OXFORD — The Water’s Edge Museum celebrated the installation of a middle passage marker in Oxford, showing the town and Eastern Shore’s historical place as part of major slave trade routes in the 17th, 18th and 19th centuries.
Several officials and scholars attended the July ceremony, including from the Maryland General Assembly; the governor’s office; Salisbury University; a local Native American tribe; and the embassy of South Africa.
Dozens watched as the grounds of Oxford were blessed during the ceremony to honor enslaved persons brought to the Eastern Shore centuries ago, as well as those who died during the long Atlantic Ocean route.
The museum installed the Middle Passage Port Marker on its own property, but Water’s Edge founder Barbara Paca hopes to eventually move the sign closer to the Oxford-Bellevue Ferry off the Tred Avon, where slaves were brought in and distributed across the colonies.
Ann Cobb, the executive director of the Middle Passage Ceremonies and Port Markers Project, an organization working to install signs marking slave routes worldwide, said the Oxford marker teaches the legacy of slavery — and memorializes the lives lost on the way from Africa to the U.S.
“The Port Marker Project is to honor captive Africans who were part of the transatlantic journey called the Middle Passage,” Cobb said, “to remember the 2 million children and men who died during that ocean crossing and the 12 million who survived.
“It is time, or should I say it is long overdue, that we acknowledge these sacrifices and commemorate their lives,” she added. “They are with us always. They walk with us, they talk with us, they hold our hands, they whisper in our ears, they come to us in our dreams. With this ceremony and marker dedication, we open the door and ask them to join us today.”
The Water’s Edge Museum opened in February, the culmination of a nearly 20-year project for Paca — an art historian, landscape architect and author who has been recognized by the Queen of England for her work.
Paca wished to honor the founding Black families of Maryland on the Eastern Shore, and by opening the Water’s Edge with nearly 200 pieces of portraits, paintings, photographs, artifacts, books and more, she achieved one of her lifelong ambitions.
Paca had also set her sights on the history of the town as a slave route destination. Oxford was a major tobacco port, with four transatlantic ships and 25 intra-American ships delivering slaves until the last known ship docked in 1772.
The Middle Passage Port Marker on the museum grounds displays a 1736 map from Herman Moll, who cartographed the route along the Chesapeake Bay and finally to Oxford. Written information on the route from the United Nations Educational, Scientific and Cultural Organization, which approved an application for the sign, is available for reading next to the historic map.
The nearly two-hour long event was also attended by dozens of town residents and Eastern Shore locals, who came to pay respects to the Middle Passage Port Marker — and to hear the numerous guest speakers from across the nation.
Guests carved out time to visit the museum on the Fourth of July, one of the biggest holidays of the year. The ceremony was timed to celebrate the country’s Black founders on Independence Day.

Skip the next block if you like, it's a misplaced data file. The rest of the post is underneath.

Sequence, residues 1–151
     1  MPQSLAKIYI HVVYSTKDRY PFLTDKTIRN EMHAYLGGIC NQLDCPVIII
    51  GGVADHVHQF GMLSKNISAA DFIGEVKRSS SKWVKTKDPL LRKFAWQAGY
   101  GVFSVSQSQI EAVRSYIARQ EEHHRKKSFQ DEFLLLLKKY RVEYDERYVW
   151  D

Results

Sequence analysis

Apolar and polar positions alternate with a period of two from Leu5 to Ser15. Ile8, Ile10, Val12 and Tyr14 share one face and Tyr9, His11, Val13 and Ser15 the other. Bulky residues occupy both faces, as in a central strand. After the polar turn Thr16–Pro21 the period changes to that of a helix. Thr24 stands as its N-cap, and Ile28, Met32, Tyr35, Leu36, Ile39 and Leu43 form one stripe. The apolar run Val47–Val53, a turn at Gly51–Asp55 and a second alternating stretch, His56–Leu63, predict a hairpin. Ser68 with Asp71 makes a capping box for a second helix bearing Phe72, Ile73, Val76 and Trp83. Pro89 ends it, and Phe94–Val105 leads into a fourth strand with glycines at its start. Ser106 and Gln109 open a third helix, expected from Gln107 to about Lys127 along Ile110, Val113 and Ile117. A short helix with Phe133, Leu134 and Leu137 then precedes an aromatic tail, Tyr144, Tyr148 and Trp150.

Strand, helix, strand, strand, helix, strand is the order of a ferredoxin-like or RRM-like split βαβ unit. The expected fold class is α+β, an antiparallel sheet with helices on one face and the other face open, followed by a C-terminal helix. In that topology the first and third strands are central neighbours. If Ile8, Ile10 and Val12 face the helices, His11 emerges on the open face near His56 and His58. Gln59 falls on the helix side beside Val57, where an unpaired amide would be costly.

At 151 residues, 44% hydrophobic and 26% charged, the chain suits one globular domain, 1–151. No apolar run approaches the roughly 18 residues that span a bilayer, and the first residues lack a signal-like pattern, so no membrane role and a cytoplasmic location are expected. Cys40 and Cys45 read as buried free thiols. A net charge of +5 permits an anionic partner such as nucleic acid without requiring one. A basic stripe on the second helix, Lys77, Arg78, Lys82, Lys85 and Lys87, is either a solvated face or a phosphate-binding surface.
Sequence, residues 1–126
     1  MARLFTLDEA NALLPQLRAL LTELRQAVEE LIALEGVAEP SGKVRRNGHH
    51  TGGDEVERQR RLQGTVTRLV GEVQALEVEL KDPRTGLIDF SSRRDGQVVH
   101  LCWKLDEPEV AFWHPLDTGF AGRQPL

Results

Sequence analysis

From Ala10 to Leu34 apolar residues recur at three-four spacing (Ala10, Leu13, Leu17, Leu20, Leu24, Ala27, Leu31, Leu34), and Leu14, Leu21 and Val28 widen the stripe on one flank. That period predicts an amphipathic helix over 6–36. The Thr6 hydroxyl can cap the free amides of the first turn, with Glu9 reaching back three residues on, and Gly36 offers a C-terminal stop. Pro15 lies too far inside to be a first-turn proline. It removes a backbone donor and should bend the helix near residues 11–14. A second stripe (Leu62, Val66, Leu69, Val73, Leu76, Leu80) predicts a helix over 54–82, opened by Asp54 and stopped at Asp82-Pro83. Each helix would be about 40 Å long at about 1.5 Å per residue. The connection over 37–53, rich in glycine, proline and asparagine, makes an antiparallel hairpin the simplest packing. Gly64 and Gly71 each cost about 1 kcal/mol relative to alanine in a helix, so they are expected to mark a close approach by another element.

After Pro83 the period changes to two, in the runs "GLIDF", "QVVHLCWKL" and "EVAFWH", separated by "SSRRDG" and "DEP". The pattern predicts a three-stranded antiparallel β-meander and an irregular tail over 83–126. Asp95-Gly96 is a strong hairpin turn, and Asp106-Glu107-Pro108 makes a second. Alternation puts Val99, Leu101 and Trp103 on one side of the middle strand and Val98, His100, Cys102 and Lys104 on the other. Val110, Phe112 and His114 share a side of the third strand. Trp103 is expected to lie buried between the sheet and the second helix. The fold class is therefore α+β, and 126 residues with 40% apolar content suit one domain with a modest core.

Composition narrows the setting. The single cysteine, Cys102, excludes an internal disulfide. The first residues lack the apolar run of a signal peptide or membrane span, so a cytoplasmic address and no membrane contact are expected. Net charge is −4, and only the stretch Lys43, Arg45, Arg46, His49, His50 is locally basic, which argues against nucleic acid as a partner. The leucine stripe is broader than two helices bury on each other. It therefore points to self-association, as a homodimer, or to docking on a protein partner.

Professor John Wesley Wright of Salisbury University, accompanied by two drummers, led guests through two historic slave songs, “Dennadon Kanin” and “Hammer Ring,” at the beginning and end of the ceremony. He said he chose the songs carefully in respect and reverence for the event.
First Lady of Maryland Yumi Hogan and Maryland Secretary of State John Wobensmith awarded a citation in honor of the marker and the founding Black families of Maryland, the centerpiece narrative of the Water’s Edge Museum.
“There would be no America as we know it today without their essential role as the builders and sustainers of our country,” Wobensmith said. “It was not just the resilience but the ingenuity and the adaptability of the people of African descent who brought their unique culture and skills to these shores.”
The Moaney-Henrys, who have numerous portraits hung up inside the Water’s Edge, and who also hold leadership positions at the museum, received the citation along with Paca.
Brenda Moaney-Henry teared up after receiving a surprise gift: a portrait of her father as a baby from the late Ruth Starr Rose. Rose painted many of the African-American artwork at the Water’s Edge.
The Middle Passage Port Marker speaks to her ancestors’ ability to overcome great difficulties, Moaney-Henry said in a speech.
“The slave is resilient,” she added. “And that resiliency helped build the Black families of America. And I am very proud and very honored to be here today, to be able to share the Middle Passage Marker.”
The grounds of the museum were blessed by Chief Wolf Mother of the Nause-Waiwash Band of Indians, a tribe of about 300 Native American descendants of the Nanticoke, Choptank and Pocomoke.
Mpho Oliphant, the first secretary of the Embassy of the Republic of South Africa, also attended the Oxford event.
Sen. Adelaide Eckardt, R-Mid-Shore, spoke to the remarkability of Paca in being the first to recognize Oxford as a slave destination and to honor the Black founding families of Maryland.
“I need to say this because God gives each one of us special gifts,” she said. “I think one of Dr. Paca’s gifts is the ability to see in folks, and to be able to research what she needs to — to celebrate where we’ve been and then to know where we’re going.”